Scoreboards and Timing Systems.  Our line of scoreboards and timing products include indoor and outdoor scoreboards for many different sports, digit displays, scoring and timing controllers, statistics software and other related products.  Indoor and outdoor systems range in complexity from small scoreboards to larger systems incorporating scoring, timing, video, message centers, advertising panels and control software.


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We offer a variety of controllers complementing our scoreboards and displays.  These controllers vary in complexity from the All Sport® 100, a handheld controller for portable scoreboards, to the All Sport® 5000, designed for more sophisticated scoring systems and allowing for more user-defined options.  

We also offer timing systems for sports events, primarily aquatics and track competitions.  A component of these systems is our OmniSport® 2000 timing console.  The system has the capability to time and rank the competitors and to interface with event management software to facilitate the sporting event.  Other timing system components include swimming touchpads, race start systems, and relay take-off platforms.

As a key component of an integrated system, we market sports statistics and results software under the DakStats® trademark.  The software allows the entry and display of sports statistics and other information.  It is one of the leading applications of its type in collegiate and high school sports.

Message Displays.  The key product lines in this group are the Galaxy® and GalaxyPro® and are generally controlled with our Venus® 1500 display controller or Venus Control Suite.

Galaxy® full-matrix displays, available in both indoor and outdoor models, are our leading product line for commercial applications.  Galaxy® displays are full color, monochrome, or tri-color, with varying pixel spacing depending on color, size and viewing distance.  They are used primarily as message centers to convey information and advertising to consumers.  
 
GalaxyPro® displays are full-matrix outdoor displays capable of displaying text, graphics and animation, as well as prerecorded video clips.  The product was developed to meet the video needs of the commercial market, primarily large retail market applications such as auto dealerships and shopping centers.  GalaxyPro® displays have varying pixel spacing and are capable of producing 68 billion colors.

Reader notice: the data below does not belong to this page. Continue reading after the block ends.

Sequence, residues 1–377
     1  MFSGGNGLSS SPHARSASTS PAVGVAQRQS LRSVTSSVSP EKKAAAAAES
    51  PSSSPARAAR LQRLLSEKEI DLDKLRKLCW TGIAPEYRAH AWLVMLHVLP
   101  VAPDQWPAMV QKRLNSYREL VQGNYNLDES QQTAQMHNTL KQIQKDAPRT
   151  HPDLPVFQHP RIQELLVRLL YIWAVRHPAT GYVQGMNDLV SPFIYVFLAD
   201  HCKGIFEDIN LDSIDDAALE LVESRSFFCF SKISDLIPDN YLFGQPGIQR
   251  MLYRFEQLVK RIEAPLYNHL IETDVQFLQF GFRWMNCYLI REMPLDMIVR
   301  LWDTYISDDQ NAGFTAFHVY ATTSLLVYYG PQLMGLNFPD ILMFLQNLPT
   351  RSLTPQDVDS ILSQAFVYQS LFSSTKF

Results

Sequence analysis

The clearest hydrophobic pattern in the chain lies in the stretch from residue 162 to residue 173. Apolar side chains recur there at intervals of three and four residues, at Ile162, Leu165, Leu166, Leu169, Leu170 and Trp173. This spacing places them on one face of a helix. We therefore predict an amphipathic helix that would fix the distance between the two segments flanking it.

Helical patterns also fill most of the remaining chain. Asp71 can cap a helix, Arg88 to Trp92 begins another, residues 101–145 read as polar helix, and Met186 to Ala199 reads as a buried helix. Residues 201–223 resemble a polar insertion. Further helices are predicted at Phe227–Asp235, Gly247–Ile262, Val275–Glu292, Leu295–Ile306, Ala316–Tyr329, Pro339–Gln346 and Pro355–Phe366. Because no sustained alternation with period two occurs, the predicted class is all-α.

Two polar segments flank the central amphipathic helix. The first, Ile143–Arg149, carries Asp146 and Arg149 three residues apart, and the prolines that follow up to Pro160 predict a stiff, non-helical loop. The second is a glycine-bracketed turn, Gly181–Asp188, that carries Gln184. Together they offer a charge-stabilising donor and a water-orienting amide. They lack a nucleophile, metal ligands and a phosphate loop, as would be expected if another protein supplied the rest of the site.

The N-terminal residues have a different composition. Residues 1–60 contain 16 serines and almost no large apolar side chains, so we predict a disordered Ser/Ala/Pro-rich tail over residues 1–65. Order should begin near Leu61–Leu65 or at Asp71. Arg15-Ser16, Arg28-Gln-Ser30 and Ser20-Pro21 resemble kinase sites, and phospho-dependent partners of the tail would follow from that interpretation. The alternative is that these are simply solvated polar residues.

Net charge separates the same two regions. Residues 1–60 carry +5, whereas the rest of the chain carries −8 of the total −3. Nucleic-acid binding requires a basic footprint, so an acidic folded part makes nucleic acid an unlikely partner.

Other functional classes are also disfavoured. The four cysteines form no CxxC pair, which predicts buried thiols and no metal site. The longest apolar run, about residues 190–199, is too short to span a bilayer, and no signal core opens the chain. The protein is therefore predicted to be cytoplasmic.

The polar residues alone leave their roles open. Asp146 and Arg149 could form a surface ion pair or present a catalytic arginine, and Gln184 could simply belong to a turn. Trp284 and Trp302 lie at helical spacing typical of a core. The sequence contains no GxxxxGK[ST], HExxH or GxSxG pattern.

The Venus® 1500 display control software is used to control the creation of messages and graphic sequences for uploading to the Galaxy® and GalaxyPro® displays.  This software is designed to be user friendly and applicable to all general advertising or message applications.  We also provide software kits, allowing system integrators to write their own software using the Venus® 1500 to communicate to the displays.  

ITS Dynamic Message Signs (DMS). DMS products include a wide range of LED displays for road management, mass transit and aviation applications.  The Vanguard® family of dynamic message displays is typically used to direct traffic and inform motorists.  These displays are used over freeways, on arterial roads, near bridges, at toll booths and in other locations.  We have also developed a control system for these displays to help transportation agencies manage large networks of displays.

Space Availability Displays. This product line is our digit and directional displays, which are primarily marketed and sold for use in parking facilities.  They include multi-line displays delivered in vertical cabinets or drop-in digit panels designed to be mounted in existing structures or signs.

Audio Systems.  Our audio systems include both standard and custom options.  Standard audio systems are designed to meet the needs of a variety of outdoor sports venues based on the size and configuration of the facility.  Custom indoor and outdoor systems are for larger venues and venues with unique seating configurations.  Our sound systems are often integrated into an overall venue solution for scoring, timing, message display and/or video capability.